Over the past few years and with increasing frequency, the United States education system has been the recipient of harsh criticism. One of the most pressing concerns is that the education system as it currently stands does not nurture the creative and inventive spirit of our students. Of all the calls for reform, there is a distinct voice in the crowd that says, maybe traditional educational routes like college are not the best paths for everyone. Peter Thiel, co-founder of Pay-Pal, is one of those voices.
In 2011, Thiel launched the Thiel Fellowship, a two-year program that provides a group of twenty young adults – 20 under 20 – with the resources ($100,000) and guidance to drop out of school and pursue unique and powerful dreams. The fellows conduct research, start companies, design inventions – all without a college degree. The Thiel Fellowship epitomizes the glorified dropout, the mentality that views famously successful cases like Mark Zuckerberg, Bill Gates, and Steve Jobs with respect and desired repeatability.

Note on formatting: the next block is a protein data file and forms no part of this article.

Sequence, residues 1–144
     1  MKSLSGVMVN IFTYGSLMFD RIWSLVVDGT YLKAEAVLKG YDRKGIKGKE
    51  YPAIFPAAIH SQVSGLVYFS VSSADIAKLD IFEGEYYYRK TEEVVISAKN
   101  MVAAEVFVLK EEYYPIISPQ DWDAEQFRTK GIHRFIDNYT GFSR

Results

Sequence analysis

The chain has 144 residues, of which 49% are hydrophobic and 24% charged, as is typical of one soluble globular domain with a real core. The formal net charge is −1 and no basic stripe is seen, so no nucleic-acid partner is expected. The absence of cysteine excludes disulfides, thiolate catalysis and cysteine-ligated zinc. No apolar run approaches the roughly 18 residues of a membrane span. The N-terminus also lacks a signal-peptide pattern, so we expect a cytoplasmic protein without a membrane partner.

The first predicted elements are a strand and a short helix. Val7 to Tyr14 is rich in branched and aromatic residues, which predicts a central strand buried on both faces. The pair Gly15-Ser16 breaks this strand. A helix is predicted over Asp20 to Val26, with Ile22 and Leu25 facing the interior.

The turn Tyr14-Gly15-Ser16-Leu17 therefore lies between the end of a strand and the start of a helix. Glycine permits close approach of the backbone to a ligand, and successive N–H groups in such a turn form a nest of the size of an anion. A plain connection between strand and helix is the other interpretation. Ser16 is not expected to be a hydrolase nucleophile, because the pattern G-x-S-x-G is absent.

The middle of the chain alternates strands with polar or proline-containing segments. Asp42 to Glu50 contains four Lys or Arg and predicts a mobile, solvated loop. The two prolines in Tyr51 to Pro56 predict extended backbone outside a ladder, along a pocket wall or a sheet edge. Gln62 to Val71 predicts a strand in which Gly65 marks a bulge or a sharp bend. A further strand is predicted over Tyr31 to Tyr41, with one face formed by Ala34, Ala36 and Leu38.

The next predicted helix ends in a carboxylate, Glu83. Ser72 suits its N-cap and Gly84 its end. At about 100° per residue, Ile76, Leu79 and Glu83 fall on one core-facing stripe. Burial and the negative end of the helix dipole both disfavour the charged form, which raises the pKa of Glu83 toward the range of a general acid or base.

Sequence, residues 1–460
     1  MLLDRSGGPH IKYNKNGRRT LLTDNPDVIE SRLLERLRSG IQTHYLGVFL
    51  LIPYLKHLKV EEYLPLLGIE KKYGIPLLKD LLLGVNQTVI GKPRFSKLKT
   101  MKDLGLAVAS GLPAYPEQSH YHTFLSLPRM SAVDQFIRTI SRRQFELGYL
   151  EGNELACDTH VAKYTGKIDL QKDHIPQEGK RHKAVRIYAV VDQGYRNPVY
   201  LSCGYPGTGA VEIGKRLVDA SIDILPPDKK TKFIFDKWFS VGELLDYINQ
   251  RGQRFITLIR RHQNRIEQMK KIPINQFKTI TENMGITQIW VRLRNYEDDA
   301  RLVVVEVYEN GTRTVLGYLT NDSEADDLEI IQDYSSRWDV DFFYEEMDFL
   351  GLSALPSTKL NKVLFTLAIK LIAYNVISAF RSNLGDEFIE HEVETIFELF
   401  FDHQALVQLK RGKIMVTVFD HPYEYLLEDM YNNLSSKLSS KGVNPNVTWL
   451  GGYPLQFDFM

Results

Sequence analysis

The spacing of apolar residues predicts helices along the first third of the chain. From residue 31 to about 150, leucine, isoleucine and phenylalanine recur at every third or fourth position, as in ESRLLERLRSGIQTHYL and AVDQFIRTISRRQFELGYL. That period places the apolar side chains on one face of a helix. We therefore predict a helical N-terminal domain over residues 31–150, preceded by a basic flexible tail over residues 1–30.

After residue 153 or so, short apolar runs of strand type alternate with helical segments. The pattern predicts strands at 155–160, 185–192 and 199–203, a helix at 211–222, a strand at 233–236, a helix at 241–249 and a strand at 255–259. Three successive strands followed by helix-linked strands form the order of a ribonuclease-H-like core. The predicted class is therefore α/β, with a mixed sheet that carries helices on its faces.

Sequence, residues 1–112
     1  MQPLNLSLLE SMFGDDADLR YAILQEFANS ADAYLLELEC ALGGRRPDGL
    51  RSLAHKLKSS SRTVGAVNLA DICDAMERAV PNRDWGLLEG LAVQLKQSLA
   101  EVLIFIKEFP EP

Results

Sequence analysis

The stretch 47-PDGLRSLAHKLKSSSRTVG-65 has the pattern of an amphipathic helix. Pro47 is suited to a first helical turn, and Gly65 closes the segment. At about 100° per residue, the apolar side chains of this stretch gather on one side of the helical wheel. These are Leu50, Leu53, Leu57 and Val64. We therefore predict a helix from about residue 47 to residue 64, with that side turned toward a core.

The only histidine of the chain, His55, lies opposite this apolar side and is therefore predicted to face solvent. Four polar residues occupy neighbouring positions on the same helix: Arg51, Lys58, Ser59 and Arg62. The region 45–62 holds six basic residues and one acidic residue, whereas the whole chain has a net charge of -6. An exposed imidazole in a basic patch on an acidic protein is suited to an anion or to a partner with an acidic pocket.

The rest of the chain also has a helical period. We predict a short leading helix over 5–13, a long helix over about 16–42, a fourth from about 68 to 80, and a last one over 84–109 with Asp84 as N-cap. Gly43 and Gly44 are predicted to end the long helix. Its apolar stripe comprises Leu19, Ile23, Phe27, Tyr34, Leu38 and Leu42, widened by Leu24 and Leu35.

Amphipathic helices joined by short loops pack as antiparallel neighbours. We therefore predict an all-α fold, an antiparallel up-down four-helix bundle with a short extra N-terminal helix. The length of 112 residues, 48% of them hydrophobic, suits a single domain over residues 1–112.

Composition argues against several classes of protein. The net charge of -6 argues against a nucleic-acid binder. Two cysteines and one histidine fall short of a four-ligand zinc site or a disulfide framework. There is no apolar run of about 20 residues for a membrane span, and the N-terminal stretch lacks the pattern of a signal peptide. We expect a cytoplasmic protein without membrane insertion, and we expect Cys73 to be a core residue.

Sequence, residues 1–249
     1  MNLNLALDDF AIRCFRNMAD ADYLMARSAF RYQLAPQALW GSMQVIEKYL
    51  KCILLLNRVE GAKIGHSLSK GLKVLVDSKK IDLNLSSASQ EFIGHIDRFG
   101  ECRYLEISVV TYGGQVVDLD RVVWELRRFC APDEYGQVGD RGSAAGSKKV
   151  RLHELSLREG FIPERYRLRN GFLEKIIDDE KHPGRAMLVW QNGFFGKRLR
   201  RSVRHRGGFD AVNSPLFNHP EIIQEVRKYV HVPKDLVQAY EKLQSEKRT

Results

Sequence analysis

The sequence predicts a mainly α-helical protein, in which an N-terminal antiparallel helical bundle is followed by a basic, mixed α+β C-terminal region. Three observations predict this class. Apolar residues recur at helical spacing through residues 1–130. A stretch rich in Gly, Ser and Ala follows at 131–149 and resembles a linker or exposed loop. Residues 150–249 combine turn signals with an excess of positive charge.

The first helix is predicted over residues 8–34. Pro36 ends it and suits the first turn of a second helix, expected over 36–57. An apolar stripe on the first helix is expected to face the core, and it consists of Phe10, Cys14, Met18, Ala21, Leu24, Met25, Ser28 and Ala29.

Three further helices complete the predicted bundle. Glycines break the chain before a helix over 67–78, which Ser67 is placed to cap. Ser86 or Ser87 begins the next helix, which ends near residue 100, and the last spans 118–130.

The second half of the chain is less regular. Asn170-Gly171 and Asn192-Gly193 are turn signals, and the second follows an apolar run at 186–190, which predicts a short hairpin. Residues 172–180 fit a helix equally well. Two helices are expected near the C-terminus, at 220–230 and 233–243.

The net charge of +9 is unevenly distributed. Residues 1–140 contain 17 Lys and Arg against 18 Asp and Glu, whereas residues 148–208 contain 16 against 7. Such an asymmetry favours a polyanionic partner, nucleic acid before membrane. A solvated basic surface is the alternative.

It did not come as a surprise to me that in the 2013 class of Thiel fellows, only four are women. In fact, in the three years since Thiel launched the program, just eight fellows in total are female. This is not to accuse or even criticize the Thiel Fellowship selection process; while application statistics are not made available, it is evidenced by all relevant media and literature that the overwhelming majority of applicants are male. No – the starkly unequal distribution of gender in the fellowship has roots that run far deeper, pointing to overarching themes of the underrepresentation of women in business and research.
We ask ourselves why just a fraction of the largest and most profitable companies have women in the highest positions of power, and with a gendered landscape of entrepreneurship even among our youth, the same question may still be unanswered when this generation grows up and gets promoted. Compartmentally, gender inequalities are still evident, and we recognize them; but fields like business and education and science and medicine are not so mutually exclusive. As we continue to explore the intricate intersections of education and entrepreneurship, it is my hope that a look at gendered opportunities, mindsets, and trends will play a larger role in the movement of reform.